HTC One (M8) review: One and only
One and only
Android 4.4.2 KitKat with brand new Sense 6
The HTC One (M8) boots Android 4.4.2 KitKat, dressed in a brand new version of HTC's own Sense UI. HTC Sense 6 brings new features on board and improves the existing functionality of the user interface.
Here goes a quick video of HTC One with Sense 6 in action.
The lockscreen looks different but hasn't changed its functionality. There's a clock, weather info and four shortcut slots. Missed calls and incoming messages are duly displayed too of course.
Swiping up the unlock button gives you three different options. Swiping up takes you to the last app you used, while swiping to the left or to the right will take you to the homescreen or BlinkFeed respectively.
A useful new HTC Sense 6 feature is the ability to unlock the device via a swiping gesture while its display is turned off - that's the new Motion Launch feature. Swiping up in portrait mode unlocks the device. Swiping down activates a voice calling feature, while swiping left and right takes you to the homescreen and BlinkFeed respectively.
Furthermore, the display of the HTC One (M8) can wake up with a double tap. The gesture takes you to the lockscreen. A second double tap on the lockscreen would turn the screen back off.
Double tapping on the homescreen however doesn't lock back the smartphone. The double tap functionality is only available on the lockscreen to allow users to quickly look up time and notifications.
Perhaps the biggest change to the UI layout introduced by the Sense 6 is the presence of on-screen navigation buttons bringing the One in line with what most other makers have. This move has allowed them to get rid of the buttons under the screen, but it also has a certain downside. The buttons are almost always present (fullscreen images and videos excluded) and thus they eat up some of the available screen real estate.
The leftmost homescreen pane of the One (M8) is once again reserved for HTC BlinkFeed. It aggregates content from your social networks, as well as from over a thousand news sources. You can pick what topics you're interested in and BlinkFeed will automatically pull relevant content. You can also search for specific content.
You're not stuck with BlinkFeed if you don't like it - the rest of the homescreen panes are the standard affair with shortcuts and widgets. You can also fully remove the BlinkFeed panel if you wish.
The notification area is business as usual - you get notifications in the right page and quick toggles in the left. You can access the quick toggles by a tap in the upper right corner or through a two finger swipe from the status bar.
You get up to five homescreen panes to fill with shortcuts and widgets (the sixth is reserved for BlinkFeed). You can set any of the panes as default - including the BlinkFeed.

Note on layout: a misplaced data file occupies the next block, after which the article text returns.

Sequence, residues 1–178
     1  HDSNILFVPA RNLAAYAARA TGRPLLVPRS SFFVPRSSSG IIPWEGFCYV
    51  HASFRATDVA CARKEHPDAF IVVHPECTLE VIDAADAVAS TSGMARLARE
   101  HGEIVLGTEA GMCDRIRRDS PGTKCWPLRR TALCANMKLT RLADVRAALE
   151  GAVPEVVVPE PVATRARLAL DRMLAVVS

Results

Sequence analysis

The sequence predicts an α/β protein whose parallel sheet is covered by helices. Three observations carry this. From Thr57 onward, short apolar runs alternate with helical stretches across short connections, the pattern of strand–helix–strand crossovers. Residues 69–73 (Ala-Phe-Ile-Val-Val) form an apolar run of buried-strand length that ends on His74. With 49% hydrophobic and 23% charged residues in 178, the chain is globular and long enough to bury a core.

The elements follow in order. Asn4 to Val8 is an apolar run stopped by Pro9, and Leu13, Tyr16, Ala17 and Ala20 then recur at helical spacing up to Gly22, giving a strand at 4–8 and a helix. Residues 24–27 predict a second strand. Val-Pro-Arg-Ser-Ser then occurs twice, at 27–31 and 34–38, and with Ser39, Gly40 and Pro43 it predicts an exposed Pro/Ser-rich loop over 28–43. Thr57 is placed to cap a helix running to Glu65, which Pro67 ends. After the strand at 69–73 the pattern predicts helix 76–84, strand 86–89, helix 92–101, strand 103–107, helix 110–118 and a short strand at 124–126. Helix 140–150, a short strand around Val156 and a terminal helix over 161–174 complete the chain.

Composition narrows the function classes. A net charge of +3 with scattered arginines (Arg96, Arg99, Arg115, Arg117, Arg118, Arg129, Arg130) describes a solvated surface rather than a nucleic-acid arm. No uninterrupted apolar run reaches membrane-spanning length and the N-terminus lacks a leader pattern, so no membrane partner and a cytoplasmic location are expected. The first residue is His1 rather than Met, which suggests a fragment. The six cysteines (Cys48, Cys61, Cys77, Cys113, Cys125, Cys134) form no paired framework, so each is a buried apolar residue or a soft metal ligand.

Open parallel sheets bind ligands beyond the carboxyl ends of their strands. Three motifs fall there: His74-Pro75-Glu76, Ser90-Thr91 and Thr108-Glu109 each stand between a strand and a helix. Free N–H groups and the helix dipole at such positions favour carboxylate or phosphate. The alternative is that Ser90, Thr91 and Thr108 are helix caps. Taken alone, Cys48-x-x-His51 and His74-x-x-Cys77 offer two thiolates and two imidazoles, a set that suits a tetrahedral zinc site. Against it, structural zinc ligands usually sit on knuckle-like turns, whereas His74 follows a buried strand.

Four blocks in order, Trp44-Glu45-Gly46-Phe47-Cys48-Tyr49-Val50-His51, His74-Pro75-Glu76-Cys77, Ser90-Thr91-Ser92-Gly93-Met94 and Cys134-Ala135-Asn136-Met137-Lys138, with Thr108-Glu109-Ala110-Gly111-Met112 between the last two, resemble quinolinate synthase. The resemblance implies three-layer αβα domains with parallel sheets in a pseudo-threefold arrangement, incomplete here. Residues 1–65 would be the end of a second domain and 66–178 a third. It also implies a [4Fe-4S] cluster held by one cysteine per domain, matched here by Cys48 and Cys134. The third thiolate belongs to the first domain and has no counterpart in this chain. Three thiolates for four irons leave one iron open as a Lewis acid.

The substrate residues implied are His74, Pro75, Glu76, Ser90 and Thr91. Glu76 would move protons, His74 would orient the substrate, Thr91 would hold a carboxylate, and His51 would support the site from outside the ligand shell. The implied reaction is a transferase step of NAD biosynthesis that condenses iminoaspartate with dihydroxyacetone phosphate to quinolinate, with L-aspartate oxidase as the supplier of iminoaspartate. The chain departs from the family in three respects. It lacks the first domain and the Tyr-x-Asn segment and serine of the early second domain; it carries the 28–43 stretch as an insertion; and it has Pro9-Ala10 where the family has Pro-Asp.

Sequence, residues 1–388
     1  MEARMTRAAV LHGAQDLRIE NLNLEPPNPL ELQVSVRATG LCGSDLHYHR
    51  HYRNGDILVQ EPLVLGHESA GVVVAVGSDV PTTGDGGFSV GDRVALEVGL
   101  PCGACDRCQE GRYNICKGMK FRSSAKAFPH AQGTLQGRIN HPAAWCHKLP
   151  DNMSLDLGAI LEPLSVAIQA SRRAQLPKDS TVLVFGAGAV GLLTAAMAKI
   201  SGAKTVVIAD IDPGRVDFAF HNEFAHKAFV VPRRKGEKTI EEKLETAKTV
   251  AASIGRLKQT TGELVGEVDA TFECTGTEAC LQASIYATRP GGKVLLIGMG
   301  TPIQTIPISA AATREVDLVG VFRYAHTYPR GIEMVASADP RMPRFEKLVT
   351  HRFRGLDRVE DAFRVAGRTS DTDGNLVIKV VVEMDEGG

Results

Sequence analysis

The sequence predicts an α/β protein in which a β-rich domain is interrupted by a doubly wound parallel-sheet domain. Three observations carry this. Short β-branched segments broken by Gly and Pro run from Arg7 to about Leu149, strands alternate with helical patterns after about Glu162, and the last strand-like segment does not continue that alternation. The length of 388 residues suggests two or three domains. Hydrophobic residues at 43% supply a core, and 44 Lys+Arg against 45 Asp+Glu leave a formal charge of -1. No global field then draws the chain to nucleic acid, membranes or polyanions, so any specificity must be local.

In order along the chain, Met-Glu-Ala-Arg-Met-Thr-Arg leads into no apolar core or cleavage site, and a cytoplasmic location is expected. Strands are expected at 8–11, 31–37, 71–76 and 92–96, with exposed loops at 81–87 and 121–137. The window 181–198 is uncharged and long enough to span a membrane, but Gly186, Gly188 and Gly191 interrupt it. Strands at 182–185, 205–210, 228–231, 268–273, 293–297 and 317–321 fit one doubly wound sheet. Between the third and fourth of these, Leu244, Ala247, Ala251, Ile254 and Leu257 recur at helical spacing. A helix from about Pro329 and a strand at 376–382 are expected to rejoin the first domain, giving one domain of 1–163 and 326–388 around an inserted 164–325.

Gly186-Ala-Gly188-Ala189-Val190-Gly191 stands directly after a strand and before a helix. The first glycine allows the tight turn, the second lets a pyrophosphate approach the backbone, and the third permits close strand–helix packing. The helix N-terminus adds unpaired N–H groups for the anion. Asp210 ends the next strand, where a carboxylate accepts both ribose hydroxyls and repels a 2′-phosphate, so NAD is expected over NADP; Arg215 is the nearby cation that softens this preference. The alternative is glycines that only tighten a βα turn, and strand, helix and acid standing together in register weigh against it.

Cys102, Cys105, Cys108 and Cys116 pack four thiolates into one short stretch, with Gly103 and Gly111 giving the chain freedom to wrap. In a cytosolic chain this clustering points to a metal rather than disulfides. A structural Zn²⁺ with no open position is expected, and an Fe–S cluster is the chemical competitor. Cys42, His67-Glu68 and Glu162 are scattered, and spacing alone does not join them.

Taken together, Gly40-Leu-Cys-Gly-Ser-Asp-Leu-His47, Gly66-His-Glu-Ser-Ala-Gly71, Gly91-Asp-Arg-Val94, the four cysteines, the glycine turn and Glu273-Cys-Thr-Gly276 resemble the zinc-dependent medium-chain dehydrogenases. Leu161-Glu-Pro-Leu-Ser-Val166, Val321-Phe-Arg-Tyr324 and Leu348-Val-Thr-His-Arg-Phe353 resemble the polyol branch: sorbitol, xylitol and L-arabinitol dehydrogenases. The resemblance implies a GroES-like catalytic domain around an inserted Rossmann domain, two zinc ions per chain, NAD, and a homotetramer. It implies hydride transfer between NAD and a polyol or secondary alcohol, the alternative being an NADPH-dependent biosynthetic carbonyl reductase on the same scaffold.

Widgets are pulled out of a dedicated container as opposed to being displayed in the app drawer next to the apps, which we find to be the more intuitive approach. Adding a widget is as simple as long-pressing it and assigning it to the desired screen pane.
The default layout of the app drawer is a 3 x 4 grid of app icons, which does not make best use of the large, high-res screen. The icons aren't even bigger than usual; they just have plenty of padding. Luckily, you can switch to a 4 x 5 grid. You can sort app icons alphabetically or chronologically or have a custom sorting like you would on iOS, for instance.
HTC has remodeled the task switching interface - recent apps can now be accessed via a dedicated on-screen button. They are displayed in a 3 x 3 grid of thumbnails, which makes good use of the available screen size and resolution. It's a single screen that cannot be scrolled, so nine of the most recently used apps are the most you can get (which is far from ideal).
The settings menu isn't dramatically changed in the latest Sense. It has the same design, but with single-color, flat icons and toggles. Everything is where you'd expect it to be.
Wallpapers, lockscreen style, ringtones, notification sounds and alarms can be customized via a dedicated menu. This time around, the lockscreen styles cannot be changed.
As before, HTC Sense has a dedicated Car mode screen, which has been styled to look like the rest of the interface. There are five big controls shown by default alongside the clock and weather. There's music info too, which takes a whole row by itself, along with shortcuts to Navigation, Dialer, the Music player (again) and for Voice commands.
HTC One (M8) also has a built-in restricted access Kid mode. It is an app that lets you set up a profile for each of your kids, with a photo and birthdate and pick which apps they can have access to.
You need to download NextRadio app on google playstore
- 19 Dec 2020
- Billy blanks
I didn't see any radio facility in it. I need help please
- 27 May 2020
- 26 Dec 2019